In the late 1940s, headed by Bill Barada, a small group of diving enthusiasts came together to create a way to continue spearfishing throughout the winter. By using a pattern found at a costume shop and rubber sheets sourced at a hospital, Bill created what would be the first drysuit designed for sport diving.
Bill's newfound invention was immediately a big hit at the local diving spots, and requests for the new suits were overwhelming. Realizing this new opportunity, Bill decided it was time to make the suits available for the diving public.
The revolutionary suits were originally branded Bel-Aqua under Bill Barada's leadership, with Aquala being solely the silent manufacturer. In 1958, Bill decided to sell Bel-Aqua, and that's when Aquala emerged as its own publicly recognizable brand. In 1959 Aquala hit the ground running, and we've been crafting dependable, classic drysuits ever since.
A lot can happen after almost seven decades. So what have we been doing all those years?
Exact months and dates are an approximation, so if you have more information, we’d love to hear from you. firstname.lastname@example.org
The film version of Disney's, "20,000 Leagues Under the Sea” featured suits made by Aquala. All actors and stunt divers were equipped with suits for location filming in the Bahamas, as well as studio shots in California.
New York City Police
New York City Police Department's first dive team is equipped with Aquala made suits.
First Lightweight Deep Sea Diving Helmet
Using a motorcycle helmet, and stainless steel components crafted by himself, Joe Savole develops the first lightweight deep sea diving helmet. His design would revolutionize commercial diving helmets, and he chose Aquala suits to dive his new design.
World's First Commercial Lockout-Diving Bell
Aquala is aboard the world's first commercial lockout-diving bell, the Purisima. Launched off the coast of Santa Barbara, California, the Purisima would pave the way for deep sea saturation diving techniques still in use today.
Gilligan's Island, Season 2, Episode 7. Gilligan has to dive to recover a trunk from the bottom of the lagoon... Aquala was his choice.
Jacques Cousteau's US Divers
Aquala has such a strong presence in commercial diving that Jacques Cousteau's US Divers, contracts with Aquala to provide suits for their Commercial Equipment Diving division. Aquala builds suits for US Divers for use with lightweight fiberglass helmets, as well as traditional heavy dress, copper and brass helmets.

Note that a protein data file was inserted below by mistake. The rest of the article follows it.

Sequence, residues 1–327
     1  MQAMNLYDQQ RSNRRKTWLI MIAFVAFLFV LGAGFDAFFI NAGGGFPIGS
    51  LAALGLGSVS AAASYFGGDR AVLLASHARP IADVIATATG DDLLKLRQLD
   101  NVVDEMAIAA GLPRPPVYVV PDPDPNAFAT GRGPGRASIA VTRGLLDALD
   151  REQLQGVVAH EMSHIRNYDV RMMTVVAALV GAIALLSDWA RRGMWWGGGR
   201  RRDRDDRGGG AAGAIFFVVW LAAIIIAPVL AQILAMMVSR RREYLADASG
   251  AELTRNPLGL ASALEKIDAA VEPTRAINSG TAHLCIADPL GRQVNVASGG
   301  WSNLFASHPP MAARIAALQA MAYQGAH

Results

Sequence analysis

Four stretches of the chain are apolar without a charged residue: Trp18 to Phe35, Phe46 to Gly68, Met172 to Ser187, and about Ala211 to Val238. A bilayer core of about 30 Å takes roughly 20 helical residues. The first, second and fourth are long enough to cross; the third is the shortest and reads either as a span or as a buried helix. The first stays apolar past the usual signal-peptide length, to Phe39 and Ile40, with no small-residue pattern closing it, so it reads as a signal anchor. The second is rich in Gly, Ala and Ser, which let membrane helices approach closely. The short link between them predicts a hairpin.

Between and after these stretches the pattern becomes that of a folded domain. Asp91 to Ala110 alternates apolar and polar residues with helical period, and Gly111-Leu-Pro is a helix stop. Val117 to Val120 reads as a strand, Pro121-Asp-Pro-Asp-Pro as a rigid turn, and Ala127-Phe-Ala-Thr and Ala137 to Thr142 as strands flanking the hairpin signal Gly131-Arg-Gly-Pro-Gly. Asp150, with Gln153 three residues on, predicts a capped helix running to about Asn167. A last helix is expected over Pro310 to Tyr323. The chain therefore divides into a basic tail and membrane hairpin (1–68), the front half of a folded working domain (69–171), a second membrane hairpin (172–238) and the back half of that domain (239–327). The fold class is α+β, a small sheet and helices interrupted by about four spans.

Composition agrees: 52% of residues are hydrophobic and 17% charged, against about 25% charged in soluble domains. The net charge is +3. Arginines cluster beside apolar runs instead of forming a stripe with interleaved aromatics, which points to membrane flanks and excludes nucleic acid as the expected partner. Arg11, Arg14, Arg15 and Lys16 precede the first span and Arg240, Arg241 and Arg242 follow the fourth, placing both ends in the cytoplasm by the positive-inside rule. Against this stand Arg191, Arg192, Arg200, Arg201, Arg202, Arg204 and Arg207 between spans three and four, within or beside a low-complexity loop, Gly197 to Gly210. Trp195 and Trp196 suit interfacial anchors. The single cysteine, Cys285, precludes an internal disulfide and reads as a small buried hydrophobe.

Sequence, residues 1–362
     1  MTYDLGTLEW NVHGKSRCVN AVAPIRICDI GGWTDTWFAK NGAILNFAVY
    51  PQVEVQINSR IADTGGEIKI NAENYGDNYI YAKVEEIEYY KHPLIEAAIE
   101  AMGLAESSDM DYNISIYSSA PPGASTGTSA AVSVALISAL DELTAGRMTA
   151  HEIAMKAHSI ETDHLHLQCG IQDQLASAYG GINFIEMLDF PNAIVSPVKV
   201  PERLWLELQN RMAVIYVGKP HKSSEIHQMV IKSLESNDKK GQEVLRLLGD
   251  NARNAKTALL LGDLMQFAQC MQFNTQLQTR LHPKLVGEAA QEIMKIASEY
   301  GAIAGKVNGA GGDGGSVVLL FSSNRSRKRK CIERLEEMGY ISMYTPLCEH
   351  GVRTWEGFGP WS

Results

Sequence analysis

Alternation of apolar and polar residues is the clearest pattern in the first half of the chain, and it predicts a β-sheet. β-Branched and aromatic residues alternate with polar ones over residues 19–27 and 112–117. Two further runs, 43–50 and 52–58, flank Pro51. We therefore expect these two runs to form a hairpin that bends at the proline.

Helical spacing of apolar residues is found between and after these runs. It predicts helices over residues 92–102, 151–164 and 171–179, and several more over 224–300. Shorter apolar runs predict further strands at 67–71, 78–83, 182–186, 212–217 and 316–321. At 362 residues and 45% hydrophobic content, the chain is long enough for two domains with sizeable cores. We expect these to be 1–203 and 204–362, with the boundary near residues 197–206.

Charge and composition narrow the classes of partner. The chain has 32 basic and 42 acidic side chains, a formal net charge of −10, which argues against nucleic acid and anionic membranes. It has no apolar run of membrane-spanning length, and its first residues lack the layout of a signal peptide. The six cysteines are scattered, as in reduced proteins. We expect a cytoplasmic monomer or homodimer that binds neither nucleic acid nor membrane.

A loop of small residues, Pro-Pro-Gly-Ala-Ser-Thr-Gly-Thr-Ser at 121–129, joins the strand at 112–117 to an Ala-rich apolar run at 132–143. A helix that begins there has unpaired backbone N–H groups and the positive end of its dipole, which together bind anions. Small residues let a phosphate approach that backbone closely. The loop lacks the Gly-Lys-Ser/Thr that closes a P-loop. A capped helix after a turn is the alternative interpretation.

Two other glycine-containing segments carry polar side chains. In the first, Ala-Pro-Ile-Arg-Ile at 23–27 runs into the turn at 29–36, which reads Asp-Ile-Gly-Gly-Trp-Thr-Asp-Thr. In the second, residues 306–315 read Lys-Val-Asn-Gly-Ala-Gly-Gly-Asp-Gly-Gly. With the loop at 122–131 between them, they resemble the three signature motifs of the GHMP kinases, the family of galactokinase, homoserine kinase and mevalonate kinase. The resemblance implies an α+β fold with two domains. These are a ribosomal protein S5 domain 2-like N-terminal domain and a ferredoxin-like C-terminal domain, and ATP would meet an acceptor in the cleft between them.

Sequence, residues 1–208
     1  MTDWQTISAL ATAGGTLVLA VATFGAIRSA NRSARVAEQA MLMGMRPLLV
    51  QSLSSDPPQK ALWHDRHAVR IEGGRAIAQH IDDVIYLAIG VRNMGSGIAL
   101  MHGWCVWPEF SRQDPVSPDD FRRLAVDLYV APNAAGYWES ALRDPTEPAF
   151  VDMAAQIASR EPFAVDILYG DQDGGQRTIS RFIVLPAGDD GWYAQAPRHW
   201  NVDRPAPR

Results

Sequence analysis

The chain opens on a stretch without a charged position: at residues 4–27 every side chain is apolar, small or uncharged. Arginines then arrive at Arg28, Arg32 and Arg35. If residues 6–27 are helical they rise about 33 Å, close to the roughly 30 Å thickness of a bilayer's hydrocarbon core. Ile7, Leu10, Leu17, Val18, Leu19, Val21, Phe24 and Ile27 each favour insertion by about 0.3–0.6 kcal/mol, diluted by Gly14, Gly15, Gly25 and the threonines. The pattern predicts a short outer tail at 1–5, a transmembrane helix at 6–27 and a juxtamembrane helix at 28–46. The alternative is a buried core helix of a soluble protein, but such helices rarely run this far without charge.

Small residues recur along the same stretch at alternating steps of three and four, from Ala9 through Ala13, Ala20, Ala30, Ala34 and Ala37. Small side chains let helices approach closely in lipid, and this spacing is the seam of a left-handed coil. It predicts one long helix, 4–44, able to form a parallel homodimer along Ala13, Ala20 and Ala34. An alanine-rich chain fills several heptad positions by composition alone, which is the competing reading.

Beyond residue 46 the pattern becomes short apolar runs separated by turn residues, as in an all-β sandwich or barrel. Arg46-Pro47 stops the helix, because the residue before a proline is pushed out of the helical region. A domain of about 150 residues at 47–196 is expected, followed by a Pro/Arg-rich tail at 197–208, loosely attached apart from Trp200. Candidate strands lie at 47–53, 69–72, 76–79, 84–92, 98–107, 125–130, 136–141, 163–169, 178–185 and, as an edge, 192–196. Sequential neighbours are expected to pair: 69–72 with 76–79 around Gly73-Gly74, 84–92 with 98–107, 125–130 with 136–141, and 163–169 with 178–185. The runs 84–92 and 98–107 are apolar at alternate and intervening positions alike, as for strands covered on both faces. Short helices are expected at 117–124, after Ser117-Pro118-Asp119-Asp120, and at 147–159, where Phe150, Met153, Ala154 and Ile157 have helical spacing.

NOAA Choose Aquala
The US National Oceanographic and Atmospheric Association (NOAA) chooses Aquala for their scientific research teams.
Ball Hawk Purchases Aquala
Veteran golf ball diver, George Wilby, purchases Aquala and moves it from California to Florida. Under his leadership, Aquala tunnel-entry suits become the trusted diving suit of professional golf ball divers (known as Ball Hawks) throughout the Southern, Central, and Eastern United States.
NASA Tests Aquala Suits
At the Johnson Space center research facility, NASA tests Aquala suits for space shuttle rocket booster recovery teams. The suits pass with flying colors and are used beneath flame proof foil suits to protect divers from rocket fuel.
East Coast Surf
John Meehan of Rye, New Hampshire purchases Aquala, and moves operations to the New England coast. John, an accomplished surfer, expounds upon Aquala's California surfing heritage and brings famed East Coast surfer, Peter Panagiotis (Peter Pan) aboard. Aquala private labels surfing suits for Pan's Watershed Surf Shop, and New England surfers now surf comfortably throughout the winter.
New Era for Aquala
2000: In the 1960s, '70s and '80s Aquala diversifies into surfing, sailing, hunting and fishing suits. The non-diving suits, while meeting a need, were not the foundation Aquala was built upon. Ty Alley realizes this, takes his passion and knowledge of diving, and purchases Aquala. Under his direction, Aquala now becomes exclusively the US's oldest diving suit manufacturing company.
20,000 Leagues Revisited
After years of studying archival photos and interviewing surviving stunt divers, Pat Regan of Vulcania Submarine, recreates the diving systems from Disney's "20,000 Leagues Under the Sea". This is the first time fully functional "Leagues" diving rigs have been created since the original filming in 1954. Aquala joins the project, being the original supplier of the rubber suits, and the systems are dove at the Kapoho tide pools to document and prove their functionality.